It wasn’t easy. Henry encountered some difficulties in trying to implement her idea. “It was immediately shot down by my principal, who was supportive but certain it was against policy,” recalled Henry. “A month or so later, I got a call in the front office from Cindy Drummond, advisor of Howard County Association of Student Councils, saying that the board latched on to my idea.”

The idea of the program is simple: students are given the chance to connect with new people and experience different schools in Howard County.

On Wednesday, March 27, participating Wilde Lake students will travel to Glenelg, and Long Reach students will go to Centennial. On April 3, participating Glenelg students will go to Wilde Lake, and Centennial students will go to Long Reach. On the days of the exchanges, the students will attend classes until fifth period, where they will meet with school liaisons and debrief.

Henry highlighted the differences between these schools, specifically between Wilde Lake and Glenelg. “When I see 46% African American, 25% white, and 13% Hispanic, in Wilde Lake’s stats, I think diverse. But when I look at Glenelg’s 76.2% white, and a number over 5% can’t even be conclusive for any other race but Asian, at 11%, I think of segregation.”

Henry is no stranger to being perceived as different from others.

My dad is black and my mom is white, and I honestly don’t know if places other than where I’ve gone are as accepting of that,” she said. “I am also a practicing Jew, so in that aspect I am also different.”

James LeMon, Director of Community, Parent, and School Outreach in Howard County, expressed his excitement for the program to be in place. He was vital in the implementation of Henry’s idea.

“I’m just excited that we are taking a student’s idea and we are going to make it happen,” LeMon stated. “I think it is a great opportunity for the kids to experience a day in the life of a different school, culture, get to meet some other students.”

As for the goals of the program, both Henry and LeMon hope the experience will unify the schools and students.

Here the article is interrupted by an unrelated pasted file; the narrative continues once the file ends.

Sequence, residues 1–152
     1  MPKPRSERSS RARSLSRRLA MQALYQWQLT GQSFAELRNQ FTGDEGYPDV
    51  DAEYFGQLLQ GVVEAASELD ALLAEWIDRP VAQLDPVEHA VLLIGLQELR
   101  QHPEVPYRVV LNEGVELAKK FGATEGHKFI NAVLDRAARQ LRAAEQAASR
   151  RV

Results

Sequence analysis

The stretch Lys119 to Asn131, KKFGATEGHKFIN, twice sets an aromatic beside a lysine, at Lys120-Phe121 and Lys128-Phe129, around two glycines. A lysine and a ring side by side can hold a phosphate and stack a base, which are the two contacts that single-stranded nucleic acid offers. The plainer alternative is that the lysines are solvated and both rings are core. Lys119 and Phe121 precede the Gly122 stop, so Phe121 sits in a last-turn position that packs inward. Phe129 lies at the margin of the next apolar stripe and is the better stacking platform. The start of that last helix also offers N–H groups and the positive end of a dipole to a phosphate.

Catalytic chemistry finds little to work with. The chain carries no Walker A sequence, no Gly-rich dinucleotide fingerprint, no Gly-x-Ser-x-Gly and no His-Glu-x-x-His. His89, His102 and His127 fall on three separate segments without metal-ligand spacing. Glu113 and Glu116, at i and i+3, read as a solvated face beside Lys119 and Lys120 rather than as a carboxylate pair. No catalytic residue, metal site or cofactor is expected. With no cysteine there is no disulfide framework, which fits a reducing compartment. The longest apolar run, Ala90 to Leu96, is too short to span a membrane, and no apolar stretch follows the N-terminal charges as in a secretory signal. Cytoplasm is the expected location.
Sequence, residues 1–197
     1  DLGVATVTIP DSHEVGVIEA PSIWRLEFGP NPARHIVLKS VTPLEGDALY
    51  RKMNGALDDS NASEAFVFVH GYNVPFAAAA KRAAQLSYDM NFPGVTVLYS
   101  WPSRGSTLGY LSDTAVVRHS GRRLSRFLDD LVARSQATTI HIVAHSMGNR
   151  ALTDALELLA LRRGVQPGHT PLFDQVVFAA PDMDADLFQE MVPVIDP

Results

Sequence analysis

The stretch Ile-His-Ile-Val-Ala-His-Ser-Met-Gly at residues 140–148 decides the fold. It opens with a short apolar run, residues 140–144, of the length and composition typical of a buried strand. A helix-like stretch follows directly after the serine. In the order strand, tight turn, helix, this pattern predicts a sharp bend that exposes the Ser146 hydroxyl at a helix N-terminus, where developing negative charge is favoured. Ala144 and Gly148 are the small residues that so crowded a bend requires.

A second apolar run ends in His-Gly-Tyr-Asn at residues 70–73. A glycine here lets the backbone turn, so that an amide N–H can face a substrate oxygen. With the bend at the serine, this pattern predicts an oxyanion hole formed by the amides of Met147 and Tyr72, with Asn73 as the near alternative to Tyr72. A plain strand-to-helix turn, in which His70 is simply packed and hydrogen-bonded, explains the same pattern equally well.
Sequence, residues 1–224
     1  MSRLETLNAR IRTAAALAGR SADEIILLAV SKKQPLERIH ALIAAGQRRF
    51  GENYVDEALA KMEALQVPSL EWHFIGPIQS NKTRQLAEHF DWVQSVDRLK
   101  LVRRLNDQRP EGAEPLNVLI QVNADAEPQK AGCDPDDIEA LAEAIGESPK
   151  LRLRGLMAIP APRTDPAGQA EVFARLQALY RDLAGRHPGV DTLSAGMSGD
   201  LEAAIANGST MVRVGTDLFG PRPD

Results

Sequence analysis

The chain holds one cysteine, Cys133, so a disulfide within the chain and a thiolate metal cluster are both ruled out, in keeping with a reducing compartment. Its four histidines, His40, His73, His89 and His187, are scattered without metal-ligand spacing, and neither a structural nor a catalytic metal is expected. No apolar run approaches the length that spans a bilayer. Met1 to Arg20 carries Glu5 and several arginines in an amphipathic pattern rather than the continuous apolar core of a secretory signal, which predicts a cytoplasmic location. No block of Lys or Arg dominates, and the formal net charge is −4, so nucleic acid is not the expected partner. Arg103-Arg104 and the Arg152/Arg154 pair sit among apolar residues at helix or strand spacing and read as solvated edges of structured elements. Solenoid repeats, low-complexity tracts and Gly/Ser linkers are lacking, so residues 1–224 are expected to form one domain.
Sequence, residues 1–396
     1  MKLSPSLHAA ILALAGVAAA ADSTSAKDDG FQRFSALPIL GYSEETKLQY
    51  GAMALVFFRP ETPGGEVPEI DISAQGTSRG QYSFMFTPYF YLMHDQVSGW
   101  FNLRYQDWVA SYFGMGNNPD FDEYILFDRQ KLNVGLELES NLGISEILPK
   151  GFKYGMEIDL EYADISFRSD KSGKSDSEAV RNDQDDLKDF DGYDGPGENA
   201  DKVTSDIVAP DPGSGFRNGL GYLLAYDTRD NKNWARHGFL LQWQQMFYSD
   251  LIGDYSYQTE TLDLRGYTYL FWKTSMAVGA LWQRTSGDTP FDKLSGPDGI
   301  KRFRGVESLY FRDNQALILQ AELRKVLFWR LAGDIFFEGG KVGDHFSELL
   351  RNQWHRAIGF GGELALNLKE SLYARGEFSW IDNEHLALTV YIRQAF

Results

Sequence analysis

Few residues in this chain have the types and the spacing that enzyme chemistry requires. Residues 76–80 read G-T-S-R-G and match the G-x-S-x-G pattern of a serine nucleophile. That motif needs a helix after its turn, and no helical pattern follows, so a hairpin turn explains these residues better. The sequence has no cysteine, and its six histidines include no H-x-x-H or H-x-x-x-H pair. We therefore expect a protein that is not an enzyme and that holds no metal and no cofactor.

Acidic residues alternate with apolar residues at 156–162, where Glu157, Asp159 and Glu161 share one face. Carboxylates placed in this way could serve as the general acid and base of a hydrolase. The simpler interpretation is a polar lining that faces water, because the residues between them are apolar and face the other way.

What I want for students, including myself, is to stop thinking of pre-conceived notions about schools in our own county,” shared Henry. “I go to Glenelg on Wednesday, and to be completely honest, I’m terrified. Four boys got arrested there last year for racist and anti-semitic graffiti. Being mixed, and Jewish, those hate crimes directly pertained to me.”

LeMon had a similar notion about the ideas that students in Howard County have about other schools.

Every school has a different culture, and I think the goal was just to experience the day in the life of another student in Howard County,” said LeMon.

Henry’s ideas are now in effect in not just her own school, but in multiple. She hopes that this can end up being a county-wide opportunity.

This group of 20 students who get to experience another school for the day are going to bring back this information to their schools and spread it,” said Henry. “I just hope lasting impressions are made, and people are truly in this experience to see what it’s like to be at different schools.”

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Sara Duran is Named Centennial’s 2019 Teacher of the Year

Words: Javiera Diaz-Ortiz

Photos: Zach Grable

This morning, Teacher-of-the-Year nominees, along with seniors selected by them, gathered in the staff lounge for the first ever Teacher-of-the-Year Breakfast. At the breakfast, English teacher Sara Duran was named Centennial’s Teacher of the Year for 2019.

Following the announcement, Duran gladly accepted her award and flowers with a smile.

“I feel honored,” said Duran. “I was in shock, and I’m really thankful for the seniors who voted for me.”

Duran is in her seventh year of teaching at Centennial. She has also been the sponsor for Centennial’s National Honor Society, and she is currently an SAT coordinator. Being a multi-level English teacher has allowed Duran to watch some of the seniors grow.

“I do think that this is a phenomenal group of students, and they’re unlike any other class that I’ve taught before them,” Duran claimed. “So, it’s an extra special honor not to just be there as they graduate, but also to be part of their moving-on to the next step of their lives. And I know that they will all be really successful in whatever they do.”

Nominees present at the breakfast expressed their praise for Duran.